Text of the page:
Since this is a game from 2007, we also have Complex Moral Decisions, such as do you kill small children, or do you not? If you decide to kill the small children, you will get a bad ending. If you decide to not kill the small children, you get a good ending. Being the virtuous soul I am, I chose not to kill the small children. I was rewarded for my efforts with in-game goodies at a later date, as opposed to the instant benefit you get from killing the small children. I thought that was the point. Like, you, the player, come into Rapture from an outsider's perspective and see that they kidnapped small children to harvest drugs and think "hmm... that's pretty messed up, I should do something about this." and then you're also rewarded for doing so because it's the right thing to do.

There's a whole thing about Ken Levine getting pushback from not rewarding the player for saving instead of harvesting and honestly? I'm with 2K on this one. It's pretty funny that I interpreted it as artistic intent when it's literally the opposite of what the artist wanted and yet I still think it's better this way. If you're making the decision to kill small children for Things, then that's not exactly a morally great stance to take? That decision should not be a difficult one. I have a feeling if you put something like this in a game today, people would laugh at you.

And then you read some other interviews with Ken Levine and you realise: holy shit, I don't think he gets it either, how is that possible when he wrote the thing?

It's not an attack on Objectivism, it's a fair look at humanity. We screw things up. We're very, very fallible. You have this beautiful, beautiful city, and then what happens when reality meets the ideals? The visual look of the city is the ideals, and the water coming in is reality. It could have been Objectivism, it could have been anything.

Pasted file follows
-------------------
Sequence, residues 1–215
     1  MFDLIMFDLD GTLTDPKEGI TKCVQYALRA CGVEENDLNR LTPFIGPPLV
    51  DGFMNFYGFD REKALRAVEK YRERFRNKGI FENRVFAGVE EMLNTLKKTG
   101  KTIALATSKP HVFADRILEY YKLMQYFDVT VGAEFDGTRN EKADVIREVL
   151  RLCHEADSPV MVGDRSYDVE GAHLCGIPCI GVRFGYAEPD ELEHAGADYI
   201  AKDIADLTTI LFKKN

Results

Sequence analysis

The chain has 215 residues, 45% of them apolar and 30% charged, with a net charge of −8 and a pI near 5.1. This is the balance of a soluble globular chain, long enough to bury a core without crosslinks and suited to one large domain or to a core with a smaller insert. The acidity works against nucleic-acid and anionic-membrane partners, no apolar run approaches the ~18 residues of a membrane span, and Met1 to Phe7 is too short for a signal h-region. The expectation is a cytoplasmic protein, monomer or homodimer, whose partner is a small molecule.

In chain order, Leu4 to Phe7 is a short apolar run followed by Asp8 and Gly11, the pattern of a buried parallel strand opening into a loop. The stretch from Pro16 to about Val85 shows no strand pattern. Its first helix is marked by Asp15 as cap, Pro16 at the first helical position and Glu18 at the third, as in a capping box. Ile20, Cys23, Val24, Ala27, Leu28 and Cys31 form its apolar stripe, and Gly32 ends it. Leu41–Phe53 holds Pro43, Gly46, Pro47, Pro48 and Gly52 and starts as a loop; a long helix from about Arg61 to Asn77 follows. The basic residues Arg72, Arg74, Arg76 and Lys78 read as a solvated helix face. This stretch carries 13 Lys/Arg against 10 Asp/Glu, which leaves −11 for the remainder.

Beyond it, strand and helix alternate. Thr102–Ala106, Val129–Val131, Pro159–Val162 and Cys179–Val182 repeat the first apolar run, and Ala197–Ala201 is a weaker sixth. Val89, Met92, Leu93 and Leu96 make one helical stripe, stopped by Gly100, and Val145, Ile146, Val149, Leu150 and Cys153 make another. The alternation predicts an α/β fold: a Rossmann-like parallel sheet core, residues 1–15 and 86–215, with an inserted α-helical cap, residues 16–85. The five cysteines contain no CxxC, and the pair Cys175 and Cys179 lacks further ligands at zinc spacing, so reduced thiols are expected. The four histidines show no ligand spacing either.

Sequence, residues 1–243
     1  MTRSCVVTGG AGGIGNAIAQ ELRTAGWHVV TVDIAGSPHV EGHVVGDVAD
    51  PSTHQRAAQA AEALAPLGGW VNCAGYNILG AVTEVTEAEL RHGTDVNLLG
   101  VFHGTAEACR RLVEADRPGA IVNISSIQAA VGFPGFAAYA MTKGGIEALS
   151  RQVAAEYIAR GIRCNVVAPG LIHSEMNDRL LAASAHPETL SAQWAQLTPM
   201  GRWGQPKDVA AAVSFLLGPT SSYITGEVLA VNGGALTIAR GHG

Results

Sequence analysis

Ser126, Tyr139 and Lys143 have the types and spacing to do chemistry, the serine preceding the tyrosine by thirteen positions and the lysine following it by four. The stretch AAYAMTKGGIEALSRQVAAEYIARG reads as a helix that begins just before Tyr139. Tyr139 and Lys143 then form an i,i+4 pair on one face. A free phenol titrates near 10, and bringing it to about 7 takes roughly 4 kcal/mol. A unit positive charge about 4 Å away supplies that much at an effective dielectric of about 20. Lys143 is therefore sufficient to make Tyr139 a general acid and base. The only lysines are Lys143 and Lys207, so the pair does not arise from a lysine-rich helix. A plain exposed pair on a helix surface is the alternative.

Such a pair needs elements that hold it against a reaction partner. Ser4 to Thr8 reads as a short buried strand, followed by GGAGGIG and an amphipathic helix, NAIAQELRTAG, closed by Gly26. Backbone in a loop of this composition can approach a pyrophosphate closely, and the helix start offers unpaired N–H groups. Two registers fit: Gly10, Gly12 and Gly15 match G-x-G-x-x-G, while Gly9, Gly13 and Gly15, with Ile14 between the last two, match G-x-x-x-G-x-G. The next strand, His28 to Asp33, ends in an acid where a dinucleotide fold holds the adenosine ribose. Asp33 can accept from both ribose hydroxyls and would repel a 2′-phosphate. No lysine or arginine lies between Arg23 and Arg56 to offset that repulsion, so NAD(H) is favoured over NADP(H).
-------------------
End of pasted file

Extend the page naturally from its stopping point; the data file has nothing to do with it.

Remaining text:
From an interview with Shack News

I knew about the twist with Atlas at the end, and the whole Killing of Small Children thing... but I didn't know about this. It's so confusing to me that you can make a city underwater and fill it with people following the ideology of Objectivism, where nothing is regulated, no ethics to stop you from doing whatever you want, have that city turn into a cesspit of a select few people stamping on the poor to do whatever messed up things they want, creating a system where they use small children to harvest drugs and then you look back and say "ehhh, it's not an attack on Objectivism, it could have been anything", it is a little bit concerning. Just a tiny bit. "ahh... you know, humans mess up a little bit, we make small mistakes such as kidnapping children and turning them into zombies, little oopsies here and there"

I could be complete garbage at reading the text, but it seems to me that a lot of people see Fontaine as the thing that brought Rapture to its knees, rather than a symptom of Andrew Ryan's shitty ideals. If you have a free market with no checks, then it will be brought to its logical conclusion by the worst possible people, but you can't blame that person when you were the one that let it happen. In trawling the Reddits and even from Lavine himself, a common sentiment is "At least Andrew Ryan has ideals, compared to Fontaine who has none" motherfucker, it's Ryan's ideals that lets Fontaine get away with it. Please tell me you understand that's the point. I'm up for playing the Death of the Author card on this one. Anyway.

At the very least, it's cool that a game like Bioshock can generate this kind of discussion. I think back at some of the games I've played this year and, don't get me wrong, I've played a lot of excellent games, but very few that take a deep dive into subject matter such as this. It's just a bit concerning that the very creator of the thing doesn't seem to understand it. Hope you had a lovely Christmas!